Becoming a Part of Quebec’s Social Fabric: Lessons from the Chagnon Foundation’s Growth Trajectory from 2000-2018

Most philanthropists create a foundation as a way to give back to society. They commit their money, skills, experience, and knowledge to what promises to be most useful and satisfying (Philanthropic Foundations Canada, 2015). Sooner or later, however, they learn that the society or community they wish to serve has very specific opinions and expectations regarding the role of a foundation.

From noble intentions to unforeseen criticism

Since its creation in 2000, the Lucie and André Chagnon Foundation has gone through a number of learning cycles with respect to its role and its legitimacy. Despite the best intentions and significant achievements, the Chagnon Foundation has been the object of social criticism — criticism that has had a constructive influence on its trajectory.

The Foundation’s initial period of operation from 2000 to 2006 could be described as “entrepreneurial.” To fulfill its original mission of preventing poverty and illness, the Foundation provided funding for a large number of organizations and launched major initiatives. The presence of such a large private philanthropic player on the Quebec social landscape was something new, however. Even though the Foundation had consulted extensively with social and public health institutions, it was primarily seen as an entrepreneurial actor. The Foundation was not behaving like a social actor that was obliged to collaborate fully with other social actors (Fontan et al., 2018). Its evaluation approach was fairly closely based on an independent entrepreneur model.

The Foundation’s second period, from 2007 to 2014, began with some major decisions:

  1. To focus on the prevention of poverty by contributing to the educational success of young Quebecers, thus actively supporting the priorities often reaffirmed by Quebec society;
  2. To adopt two complementary strategies: mobilization of communities and mobilization of society; and
  3. To recognize the central role of the state in the areas of poverty and education by establishing three key partnerships with the Quebec government to focus on healthy lifestyles, early childhood, and student retention. Three non-profit organizations were created to operationalize these partnerships, with joint governance arrangements. During these years, the Foundation’s evaluation model was largely influenced by the culture of accountability in government.

The development of partnerships between the Foundation and the Government of Quebec gave rise to a second, more significant, wave of social criticism. The concept of a “private” agreement was questioned, in this case, an agreement between the state and a private foundation that left no room for public debate on the need, the meaning, the reach, or the ultimate goal of the proposed partnership (Fontan et al., 2018). Critics frequently played the democracy card. Although the partnerships had resulted in the Foundation “losing” its direct ties with communities, the perception was that the three non-profit organizations that managed the partnerships were no more than “branches” of the Foundation on which it was imposing its solutions.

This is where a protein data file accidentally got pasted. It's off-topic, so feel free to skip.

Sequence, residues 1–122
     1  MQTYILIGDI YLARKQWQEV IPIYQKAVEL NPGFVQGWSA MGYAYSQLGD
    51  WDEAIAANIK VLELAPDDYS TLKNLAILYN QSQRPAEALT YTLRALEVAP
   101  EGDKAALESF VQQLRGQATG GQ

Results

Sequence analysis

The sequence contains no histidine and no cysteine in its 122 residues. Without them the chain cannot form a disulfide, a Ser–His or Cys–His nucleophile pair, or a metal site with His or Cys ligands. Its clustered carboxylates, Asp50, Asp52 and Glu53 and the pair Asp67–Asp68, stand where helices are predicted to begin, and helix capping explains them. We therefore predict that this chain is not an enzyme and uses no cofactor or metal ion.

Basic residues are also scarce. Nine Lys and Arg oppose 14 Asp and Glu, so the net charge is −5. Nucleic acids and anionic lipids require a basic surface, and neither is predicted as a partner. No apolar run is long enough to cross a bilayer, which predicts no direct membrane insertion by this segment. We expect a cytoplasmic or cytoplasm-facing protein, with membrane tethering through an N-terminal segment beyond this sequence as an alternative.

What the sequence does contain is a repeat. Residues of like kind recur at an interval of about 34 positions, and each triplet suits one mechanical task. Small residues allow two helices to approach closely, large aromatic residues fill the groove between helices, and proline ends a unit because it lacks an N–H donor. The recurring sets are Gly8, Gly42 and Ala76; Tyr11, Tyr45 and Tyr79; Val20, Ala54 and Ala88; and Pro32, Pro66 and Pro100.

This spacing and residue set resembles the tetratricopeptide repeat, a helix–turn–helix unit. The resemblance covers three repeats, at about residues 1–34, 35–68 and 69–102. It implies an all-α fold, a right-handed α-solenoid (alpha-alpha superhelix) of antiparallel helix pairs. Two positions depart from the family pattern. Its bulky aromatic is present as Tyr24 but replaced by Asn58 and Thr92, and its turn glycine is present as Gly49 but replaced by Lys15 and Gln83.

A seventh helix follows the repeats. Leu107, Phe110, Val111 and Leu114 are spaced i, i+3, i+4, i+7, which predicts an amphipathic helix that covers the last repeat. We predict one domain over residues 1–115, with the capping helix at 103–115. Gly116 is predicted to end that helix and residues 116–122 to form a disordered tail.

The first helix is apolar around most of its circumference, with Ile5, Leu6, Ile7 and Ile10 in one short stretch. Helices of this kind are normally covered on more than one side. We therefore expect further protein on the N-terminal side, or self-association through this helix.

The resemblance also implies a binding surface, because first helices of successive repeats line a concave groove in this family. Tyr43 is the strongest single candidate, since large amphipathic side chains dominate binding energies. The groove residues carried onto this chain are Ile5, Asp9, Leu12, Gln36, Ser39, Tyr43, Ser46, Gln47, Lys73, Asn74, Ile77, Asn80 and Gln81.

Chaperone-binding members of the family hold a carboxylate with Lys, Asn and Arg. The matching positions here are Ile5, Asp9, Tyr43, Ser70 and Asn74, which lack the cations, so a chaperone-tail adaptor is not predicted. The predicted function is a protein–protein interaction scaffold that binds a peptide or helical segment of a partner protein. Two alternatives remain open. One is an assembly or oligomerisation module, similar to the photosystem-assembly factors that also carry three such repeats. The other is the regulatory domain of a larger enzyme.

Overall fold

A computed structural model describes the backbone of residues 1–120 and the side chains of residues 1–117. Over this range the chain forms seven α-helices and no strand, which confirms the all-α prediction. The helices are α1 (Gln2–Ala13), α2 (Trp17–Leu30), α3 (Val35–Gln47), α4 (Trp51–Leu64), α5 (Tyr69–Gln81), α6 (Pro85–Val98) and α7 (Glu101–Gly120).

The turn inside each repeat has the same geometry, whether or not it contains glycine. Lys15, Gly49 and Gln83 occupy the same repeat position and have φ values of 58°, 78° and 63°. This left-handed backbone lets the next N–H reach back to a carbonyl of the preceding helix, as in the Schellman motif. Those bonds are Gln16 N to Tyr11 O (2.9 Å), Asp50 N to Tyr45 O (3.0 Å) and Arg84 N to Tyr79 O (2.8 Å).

In 2015, at the culmination of an 18-month process, the Chagnon Foundation and the government decided not to renew these partnerships, specifically to allow the Foundation to recover its distinctive, legitimate philanthropic role (Philanthropic Foundations Canada, 2017). That decision provided the opportunity to reflect and take stock of the Foundation’s major achievements as well as the critical views of its legitimacy, which were variations on the same messages: “Don’t tell us, support us;” “don’t negotiate, collaborate;” “don’t replace government, complement it;” and “don’t monitor, learn.”

We concluded that:

  • Our legitimacy and relevance cannot be self-proclaimed: it must be earned through dialogue, trust, respectful relationships, and philanthropic practices. Representatives of civil society must have a sense of ownership and involvement in our governance;
  • Our posture should not be that of an independent actor, but an actor who has an interdependent relationship with multiple stakeholders;
  • Our contribution is not in terms of what we do but rather whom and how we support;
  • Our role is not to come up with solutions to be implemented by others, but to support those who are on a journey to innovate, seek, and implement their own solutions; and
  • Our approach to evaluation should not be to document the impact of isolated initiatives on individual children, but to learn how we can be more helpful in reinforcing the capacity of civil society organizations to achieve their own objectives and learn along the way.

It’s not about us!

In other words, we realized that the best way to be useful, relevant, and legitimate is to rethink our role from society’s perspective on common objectives. We launched the process by reflecting and connecting with a wide range of stakeholders. Our legitimacy is not derived solely from those we support; in fact, the most credible defenders of our legitimacy may be those who do not need or want the Foundation’s money.

Stakeholders suggested that we begin by formulating our vision — a vision most of them share when it comes time to think about what can collectively be done for children growing up in Quebec: “Contributing to make Quebec a supportive, equitable and inclusive society that enables every child and every family to realize their full potential and play an active role in that society.”